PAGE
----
According to Sara, “Syria would not have started a revolution without the revolutions in Tunisia and in other Arab countries.” For the Palestinian representative at the table, Yousef K. Y. Habache, Palestinian independance will only come with the independance of other Arab countries. For over 65 years, Palestinians have been fighting for the self-determination of their people and for the right of return for their thousands and thousands of refugees worldwide. Himself a Palestinian exile, “I still have not met my four month old son,” Yousef spoke of the 75 thousand Palestinians who are prisoners in their own land, land that has been occupied by Israeli Zionists who “took all the arable land and will not stop there.” He also spoke of the hunger strike in which many prisoners find themselves at the moment. The activist considers the “chair won in the UN as important but ethereal” and denounced the dual stance taken by Brazil. “They support the right of the State of Palestine in the UN, but have a strong military economy that supports Israel.” We know that Brazil is one of the main consumers of advanced military technology developed in the State of Israel.
Communication and the World Social Forum: Visibility
Inequality, injustice, poverty, uemployment, in short, the precariousness of life, are common conditions for the majority of the Arab people (as well as Latin-Amercans and Africans), and true motives for the popular revolts. The control of communication by the oppressors is another common trait. Sara says that the it is our responsability to look for access to information that cannot be seen by normal means and gives an example. According to her, of the two major newspapers in Syria, one is named after the political party in power and the other is named after the month in which that same party took power in Syria. “After the revolutions,” said Hamouda “the newspapers began to talk about the ’awakening of the Arab world’ as if our people had been sleeping!” He quipped. “Really, it is very prejudiced and presumptuous of Western superiority.”
Ben Amor Romdhane, member of the WSF committee in Tunisia, also said that the revolution was not made on the internet, but the internet did provide a breakthrough in the right to communication. “The revolution was the fruit of the coalition of the movements of women, students, unions, and a mix of others including bloggers who broke social codes by criticizing the government on the internet, a few of them paying a high price for this.” There came a time in Tunisia in which the policing of the internet filtered and censured information: various sites were closed, leaving the country without means of getting information from the world or to the world. “In the first days of the revolution, we had united bloggers creating communication channels, using cell phones to send photos of what was happening,” said the activist. “The bloggers won the right to information, showing that it could not be the property of the few.”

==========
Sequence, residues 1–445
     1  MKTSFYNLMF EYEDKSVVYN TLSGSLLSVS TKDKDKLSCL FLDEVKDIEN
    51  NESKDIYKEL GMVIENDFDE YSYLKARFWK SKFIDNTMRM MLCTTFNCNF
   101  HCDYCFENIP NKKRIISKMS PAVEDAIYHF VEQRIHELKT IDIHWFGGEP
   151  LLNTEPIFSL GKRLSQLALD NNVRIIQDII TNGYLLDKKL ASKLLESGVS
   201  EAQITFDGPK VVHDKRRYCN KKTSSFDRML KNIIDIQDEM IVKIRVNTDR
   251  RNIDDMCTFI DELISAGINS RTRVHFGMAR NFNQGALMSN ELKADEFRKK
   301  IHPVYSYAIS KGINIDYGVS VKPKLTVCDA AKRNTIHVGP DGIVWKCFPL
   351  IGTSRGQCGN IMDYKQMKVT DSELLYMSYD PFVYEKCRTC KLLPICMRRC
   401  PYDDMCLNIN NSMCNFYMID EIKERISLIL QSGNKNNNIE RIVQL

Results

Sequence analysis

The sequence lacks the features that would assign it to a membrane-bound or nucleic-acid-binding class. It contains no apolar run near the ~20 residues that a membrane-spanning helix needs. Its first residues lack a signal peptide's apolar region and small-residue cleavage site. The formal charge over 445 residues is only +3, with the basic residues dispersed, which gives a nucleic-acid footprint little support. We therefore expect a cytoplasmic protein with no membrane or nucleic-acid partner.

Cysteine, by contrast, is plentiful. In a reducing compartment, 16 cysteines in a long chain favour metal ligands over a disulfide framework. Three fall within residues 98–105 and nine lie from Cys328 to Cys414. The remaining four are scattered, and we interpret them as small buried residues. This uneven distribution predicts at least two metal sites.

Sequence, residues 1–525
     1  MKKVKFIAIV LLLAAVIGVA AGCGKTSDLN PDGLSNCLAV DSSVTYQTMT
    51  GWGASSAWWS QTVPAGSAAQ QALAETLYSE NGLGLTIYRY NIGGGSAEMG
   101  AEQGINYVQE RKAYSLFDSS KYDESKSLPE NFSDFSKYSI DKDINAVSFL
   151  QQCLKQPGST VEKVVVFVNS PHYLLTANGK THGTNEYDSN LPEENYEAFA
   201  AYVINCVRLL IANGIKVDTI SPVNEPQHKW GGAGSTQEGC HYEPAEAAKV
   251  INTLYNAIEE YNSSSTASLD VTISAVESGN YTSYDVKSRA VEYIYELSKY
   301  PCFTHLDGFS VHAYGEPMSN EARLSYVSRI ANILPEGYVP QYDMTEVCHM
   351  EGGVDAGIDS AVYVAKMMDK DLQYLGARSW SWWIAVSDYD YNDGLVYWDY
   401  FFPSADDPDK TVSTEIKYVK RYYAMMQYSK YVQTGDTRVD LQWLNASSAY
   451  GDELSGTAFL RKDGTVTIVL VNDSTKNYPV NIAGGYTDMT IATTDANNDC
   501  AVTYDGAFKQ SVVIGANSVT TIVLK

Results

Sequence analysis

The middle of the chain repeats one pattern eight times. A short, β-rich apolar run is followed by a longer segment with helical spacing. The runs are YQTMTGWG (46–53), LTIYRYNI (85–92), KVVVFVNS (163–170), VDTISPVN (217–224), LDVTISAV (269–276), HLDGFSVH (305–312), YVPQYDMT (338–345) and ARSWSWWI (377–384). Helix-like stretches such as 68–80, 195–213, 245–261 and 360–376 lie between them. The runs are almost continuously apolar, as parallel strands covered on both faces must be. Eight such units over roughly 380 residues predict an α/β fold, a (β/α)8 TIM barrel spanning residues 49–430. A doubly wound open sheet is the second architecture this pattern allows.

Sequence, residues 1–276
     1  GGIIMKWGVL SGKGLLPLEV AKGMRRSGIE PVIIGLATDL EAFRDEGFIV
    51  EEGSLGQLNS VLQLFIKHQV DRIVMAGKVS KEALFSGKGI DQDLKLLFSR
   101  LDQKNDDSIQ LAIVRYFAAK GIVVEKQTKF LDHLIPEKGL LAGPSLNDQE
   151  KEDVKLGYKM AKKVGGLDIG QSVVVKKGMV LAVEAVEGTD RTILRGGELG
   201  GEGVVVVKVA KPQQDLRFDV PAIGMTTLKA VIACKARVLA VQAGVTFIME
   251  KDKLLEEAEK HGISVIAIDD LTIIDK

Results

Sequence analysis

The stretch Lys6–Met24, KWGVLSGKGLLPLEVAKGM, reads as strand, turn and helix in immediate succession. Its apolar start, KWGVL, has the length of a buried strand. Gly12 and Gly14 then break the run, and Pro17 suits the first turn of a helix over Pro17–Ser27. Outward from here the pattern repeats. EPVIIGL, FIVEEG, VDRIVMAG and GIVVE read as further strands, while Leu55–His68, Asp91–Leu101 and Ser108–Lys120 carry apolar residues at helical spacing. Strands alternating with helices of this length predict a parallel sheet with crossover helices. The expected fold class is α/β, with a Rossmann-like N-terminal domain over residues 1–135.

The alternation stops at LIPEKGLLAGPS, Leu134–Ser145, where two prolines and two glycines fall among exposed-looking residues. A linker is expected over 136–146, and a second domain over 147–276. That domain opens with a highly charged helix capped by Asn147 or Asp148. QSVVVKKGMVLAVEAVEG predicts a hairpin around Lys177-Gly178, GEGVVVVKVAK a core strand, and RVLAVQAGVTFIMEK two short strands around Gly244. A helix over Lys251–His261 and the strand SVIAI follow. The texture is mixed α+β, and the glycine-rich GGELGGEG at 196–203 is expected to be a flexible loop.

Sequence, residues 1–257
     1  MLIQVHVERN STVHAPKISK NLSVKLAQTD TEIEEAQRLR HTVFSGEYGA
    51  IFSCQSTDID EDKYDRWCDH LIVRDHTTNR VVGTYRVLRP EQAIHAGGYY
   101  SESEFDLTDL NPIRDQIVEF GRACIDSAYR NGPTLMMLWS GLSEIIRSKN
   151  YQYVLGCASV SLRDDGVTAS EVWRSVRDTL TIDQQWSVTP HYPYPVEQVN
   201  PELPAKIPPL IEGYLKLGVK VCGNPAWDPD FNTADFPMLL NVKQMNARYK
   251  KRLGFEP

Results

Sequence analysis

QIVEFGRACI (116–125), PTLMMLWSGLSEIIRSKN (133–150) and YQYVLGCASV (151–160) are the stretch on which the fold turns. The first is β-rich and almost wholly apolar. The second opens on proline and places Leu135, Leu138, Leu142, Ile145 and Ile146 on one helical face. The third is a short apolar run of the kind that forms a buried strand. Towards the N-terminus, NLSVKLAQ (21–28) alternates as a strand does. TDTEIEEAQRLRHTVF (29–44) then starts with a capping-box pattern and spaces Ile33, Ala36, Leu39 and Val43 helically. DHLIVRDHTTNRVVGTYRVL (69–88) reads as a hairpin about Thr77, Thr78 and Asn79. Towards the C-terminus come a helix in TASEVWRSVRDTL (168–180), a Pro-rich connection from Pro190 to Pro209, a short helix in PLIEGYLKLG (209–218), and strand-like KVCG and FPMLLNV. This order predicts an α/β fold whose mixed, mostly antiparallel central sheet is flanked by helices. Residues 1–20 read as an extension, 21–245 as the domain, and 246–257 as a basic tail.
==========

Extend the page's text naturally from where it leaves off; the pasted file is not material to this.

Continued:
“There are contradictions in our revolutions,” confirmed Sara in responding to questions in the plenary, “but it is only by participating in them, in conjunction with the working class of the world, that we will will attack imperialism not only with words.” She questioned the internationalism and socialism of Hugo Chavez, “who sent diesel to bomb our towns.” Even though the Arab people are uniting for justice, liberty and dignity, “the monetary strength coming from Qatar, Saudi Arabia, and the UAE is lending support to to the reactionaries,” said Halima. “They say that they want a moderate Islam, but money and oil are their main motivations.”
For all these reasons, the new edition of the World Social Forum taking place in this part of the world is very important for the continuity of social transformation processes and for international visibility in the struggle of the Arab people. “The WSF, with the idea of combining the struggles for all rights, was inspired by Tunisia,” said Messaoud. “The WSF will draw the world’s attention to Tunisia, showing an Islamic government that wants to go back to the Middle Ages. Poverty, inequality, and unemployment are worldwide problems.”
This is the original idea of the WSF, to provide contact and an exchange of experiences between those who yearn for a better world, thus strengthening the global fight. “The Palestinian cause is a human cause,” said Yousef Habache, “we want solidarity, but we want to be in solidarity with other people, globalizing the fight and the human rights.” This is another common feature in the reports on the Arab Spring, the certainty that the struggle continues. “The social movements will continue to grow and protest daily,” said Ben Amor. “I believe that the revolution will not end until fairness and social equality have been achieved.” Hopefully.
translation by Diane Garceau